Remote work has led to a boom in modern-day moonlighting. How should employers address the situation?

“I found this site, It taught me how to work two or three remote jobs at the same time and attain financial freedom. It even shows me how to negotiate a severance if one of the employers finds out and gets nasty.″

“One of our highly paid professionals works remote. We don’t want to lose his talent, but he used to work 45 to 55 hours a week and now half the time I can’t find him when I call. He always calls me back, but it’s hours later. Last year, he was the first to volunteer for special projects. He doesn’t anymore. I heard a rumor he’s working another job, and I’m wondering if we’re getting what we’re paying for.”

In recent weeks, I’ve received dozens of calls and emails like the above that document the 2022 phenomenon of employees holding multiple remote jobs at the same time — with many hiding it from their employers.

In October 2021, ResumeBuilder surveyed 1250 U.S. workers and learned that 69% of remote employees work a second job with 37% of them holding two full-time jobs. Although 45% of employees with second full-time jobs work remotely for both employers, 32% work their second full-time job in person and 23% have a hybrid full-time job.

Only 34% of remote employees holding two full-time jobs log 80 hours weekly. Another 31% work 50 and 70 hours weekly, and 47% report working 40 hours or fewer weekly at both jobs combined. 84% of those who have two full-time jobs consider their own business as their second job, a situation made easier by remote work coupled with flexible hours.

The above facts make employers uneasy. Not only do some employees shortchange employers, but some have transitioned from moonlighting to daylighting, double-dipping salaries during core working hours. Further, the fatigue felt by employees working two and three jobs may lead to declining performance and productivity. The labor shortage, however, makes employers reluctant to address moonlighting in a manner employees might resent.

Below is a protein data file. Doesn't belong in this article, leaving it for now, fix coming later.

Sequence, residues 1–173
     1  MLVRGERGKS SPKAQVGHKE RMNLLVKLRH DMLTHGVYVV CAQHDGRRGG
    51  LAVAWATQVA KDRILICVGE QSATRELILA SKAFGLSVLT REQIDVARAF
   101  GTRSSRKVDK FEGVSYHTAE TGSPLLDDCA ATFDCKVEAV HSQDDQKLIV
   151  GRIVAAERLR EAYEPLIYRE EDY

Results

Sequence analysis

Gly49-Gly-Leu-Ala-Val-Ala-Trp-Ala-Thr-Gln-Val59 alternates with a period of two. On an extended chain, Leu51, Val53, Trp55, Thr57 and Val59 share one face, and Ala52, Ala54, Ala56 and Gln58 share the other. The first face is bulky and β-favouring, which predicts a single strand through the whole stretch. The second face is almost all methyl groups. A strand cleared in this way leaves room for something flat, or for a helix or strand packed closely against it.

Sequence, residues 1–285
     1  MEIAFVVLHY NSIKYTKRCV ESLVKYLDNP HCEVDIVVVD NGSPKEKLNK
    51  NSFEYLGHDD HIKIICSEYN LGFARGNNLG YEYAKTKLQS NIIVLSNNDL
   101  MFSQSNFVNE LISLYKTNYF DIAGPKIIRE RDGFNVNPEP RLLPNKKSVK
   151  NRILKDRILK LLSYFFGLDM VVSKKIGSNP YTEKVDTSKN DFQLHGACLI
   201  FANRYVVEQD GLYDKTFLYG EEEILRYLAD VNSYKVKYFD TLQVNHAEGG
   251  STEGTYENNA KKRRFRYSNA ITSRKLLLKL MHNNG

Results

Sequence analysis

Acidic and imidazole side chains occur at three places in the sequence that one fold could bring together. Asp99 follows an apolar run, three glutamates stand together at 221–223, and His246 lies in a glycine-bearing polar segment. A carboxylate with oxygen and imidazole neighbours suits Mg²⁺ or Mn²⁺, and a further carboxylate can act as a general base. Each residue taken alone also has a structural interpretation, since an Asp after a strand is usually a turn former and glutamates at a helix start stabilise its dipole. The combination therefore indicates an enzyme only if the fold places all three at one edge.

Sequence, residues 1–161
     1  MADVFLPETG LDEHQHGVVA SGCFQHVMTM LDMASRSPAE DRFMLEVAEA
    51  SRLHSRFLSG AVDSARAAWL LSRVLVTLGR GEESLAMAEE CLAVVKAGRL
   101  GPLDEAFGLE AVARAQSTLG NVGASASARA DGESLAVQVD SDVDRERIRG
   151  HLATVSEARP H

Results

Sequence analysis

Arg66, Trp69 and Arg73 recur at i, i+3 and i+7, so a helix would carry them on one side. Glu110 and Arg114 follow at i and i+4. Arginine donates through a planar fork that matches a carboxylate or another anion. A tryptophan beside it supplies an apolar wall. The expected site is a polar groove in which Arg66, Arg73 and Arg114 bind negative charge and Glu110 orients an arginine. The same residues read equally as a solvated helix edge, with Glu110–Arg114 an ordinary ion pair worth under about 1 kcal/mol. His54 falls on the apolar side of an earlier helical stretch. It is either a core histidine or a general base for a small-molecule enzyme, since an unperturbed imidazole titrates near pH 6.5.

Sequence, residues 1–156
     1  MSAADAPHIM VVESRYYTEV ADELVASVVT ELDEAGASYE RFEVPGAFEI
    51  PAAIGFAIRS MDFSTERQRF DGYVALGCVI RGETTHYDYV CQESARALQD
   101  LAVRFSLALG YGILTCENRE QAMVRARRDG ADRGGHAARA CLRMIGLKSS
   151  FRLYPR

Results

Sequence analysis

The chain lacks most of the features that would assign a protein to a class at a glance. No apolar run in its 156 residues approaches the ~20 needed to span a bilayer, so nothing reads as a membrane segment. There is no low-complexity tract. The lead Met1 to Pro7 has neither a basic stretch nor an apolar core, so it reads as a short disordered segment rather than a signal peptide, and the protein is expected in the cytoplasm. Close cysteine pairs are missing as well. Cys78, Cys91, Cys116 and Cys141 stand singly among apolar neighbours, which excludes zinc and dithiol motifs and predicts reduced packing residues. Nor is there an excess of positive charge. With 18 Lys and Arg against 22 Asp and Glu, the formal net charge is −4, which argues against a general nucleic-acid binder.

Here’s what employers can do. They can meet with employees they suspect of moonlighting and agree on guardrails that protect the employer’s interests without inhibiting their employees’ freedom. These might include:


• Please let us know if you’re moonlighting.

• Please fulfill your job duties and maintain an expected level of productivity on employer-paid time.

• Please don’t “daylight” or moonlight during essential work hours.

• Please observe your fiduciary or confidentiality obligations.

• Please don’t moonlight for competitors or for an organization that creates a conflict of interest.

• If you’re creating your own business, please don’t siphon off our clients and customers or market them during paid working hours.

• Please don’t use employer-paid internet service or equipment on behalf of other employers.

The bottom line? — Career polygamy is here. While employers can’t stomp it out, they can address it.

Lynne Curry | Alaska Workplace

Lynne Curry writes a weekly column on workplace issues. She is author of “Navigating Conflict,” “Managing for Accountability,” “Beating the Workplace Bully" and “Solutions,” and Submit questions at or follow her on, or @lynnecurry10 on X/Twitter.